February 13, 2013
PDT Staff Writer
For the first time in a number of years, Jean Schmidt, former U.S. Representative from Ohio’s Second District, did not get the ear of President Barack Obama at his State of the Union Address.
A familiar sight year after year was Schmidt handing the president a letter asking for support for a $2 billion loan guarantee for the American Centrifuge Project at Piketon. In last year’s primary election, she was defeated by the eventual general election winner, Brad Wenstrup. Wenstrup followed Tuesday night’s Address with comments from the Republican side of the aisle.
“Unfortunately, we heard more of the same recycled rhetoric and empty promises from President Obama during his State of the Union address tonight. In 2009, he pledged to cut the debt in half, yet it has nearly doubled under his watch. In 2011, he promised reduce burdensome regulations that prevent businesses from flourishing, yet he has put forth numerous regulatory proposals that have added even more bureaucratic red tape,” Wenstrup said. “Four years have passed since the President was first elected, and the economy he claimed he could save has not even begun the recovery process. We have more than 12 million unemployed, we are still deeper than $16 trillion in debt, and have yet to see a budget plan from the Administration that will put America back on the path to prosperity.”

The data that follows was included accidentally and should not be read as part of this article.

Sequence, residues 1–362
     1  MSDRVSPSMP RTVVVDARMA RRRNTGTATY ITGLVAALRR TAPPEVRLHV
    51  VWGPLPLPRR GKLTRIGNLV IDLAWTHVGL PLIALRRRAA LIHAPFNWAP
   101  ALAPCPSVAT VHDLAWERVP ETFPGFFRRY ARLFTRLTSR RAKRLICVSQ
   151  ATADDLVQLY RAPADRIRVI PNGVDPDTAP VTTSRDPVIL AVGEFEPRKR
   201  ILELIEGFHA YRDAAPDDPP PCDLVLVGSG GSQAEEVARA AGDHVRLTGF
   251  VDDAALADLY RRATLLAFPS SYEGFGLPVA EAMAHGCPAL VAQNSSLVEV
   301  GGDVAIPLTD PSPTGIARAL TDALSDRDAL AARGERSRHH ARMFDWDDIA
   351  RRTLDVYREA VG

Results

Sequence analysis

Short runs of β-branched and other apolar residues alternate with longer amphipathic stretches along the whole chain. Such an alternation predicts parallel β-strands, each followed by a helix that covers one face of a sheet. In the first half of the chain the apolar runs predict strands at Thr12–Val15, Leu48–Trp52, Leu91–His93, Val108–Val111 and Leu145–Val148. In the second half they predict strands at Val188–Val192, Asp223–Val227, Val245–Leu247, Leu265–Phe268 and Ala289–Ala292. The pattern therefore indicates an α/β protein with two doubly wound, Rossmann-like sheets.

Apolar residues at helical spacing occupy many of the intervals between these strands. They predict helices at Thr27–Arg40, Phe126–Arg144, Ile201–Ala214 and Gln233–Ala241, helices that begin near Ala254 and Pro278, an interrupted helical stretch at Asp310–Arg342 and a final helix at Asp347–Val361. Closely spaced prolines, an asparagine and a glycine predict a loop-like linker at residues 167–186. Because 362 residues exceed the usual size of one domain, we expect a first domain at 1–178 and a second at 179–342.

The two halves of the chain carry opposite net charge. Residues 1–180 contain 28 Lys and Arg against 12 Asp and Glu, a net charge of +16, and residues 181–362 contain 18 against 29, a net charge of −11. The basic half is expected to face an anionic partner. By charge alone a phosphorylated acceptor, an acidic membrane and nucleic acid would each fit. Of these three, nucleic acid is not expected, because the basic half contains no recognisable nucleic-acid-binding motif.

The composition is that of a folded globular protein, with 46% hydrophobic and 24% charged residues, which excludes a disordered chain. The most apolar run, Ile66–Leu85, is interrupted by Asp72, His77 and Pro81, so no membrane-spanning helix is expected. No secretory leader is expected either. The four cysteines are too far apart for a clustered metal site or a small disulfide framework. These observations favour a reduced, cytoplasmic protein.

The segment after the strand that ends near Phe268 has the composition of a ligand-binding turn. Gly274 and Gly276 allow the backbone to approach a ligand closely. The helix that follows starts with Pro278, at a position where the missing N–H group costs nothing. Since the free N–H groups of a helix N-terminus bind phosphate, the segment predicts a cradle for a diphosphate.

Wenstrup continued - “My constituents in southwest Ohio are frustrated with the President’s job-killing policies. The proposals he claims will solve our nation’s problems are in fact hurting the middle class, as well as the poor who long to liberate themselves from poverty. As a former small business owner, I understand that tax hikes on Ohio small businesses mean they will have fewer resources to invest, grow and hire. The answer to fixing the debt problem is not raising taxes, but implementing smart, common-sense spending cuts. President Obama has failed to provide the leadership needed to put our country back on track. House Republicans are committed to tackling the debt and getting our economy growing again.”
Frank Lewis may be reached at 740-353-3101, ext. 252, or at firstname.lastname@example.org.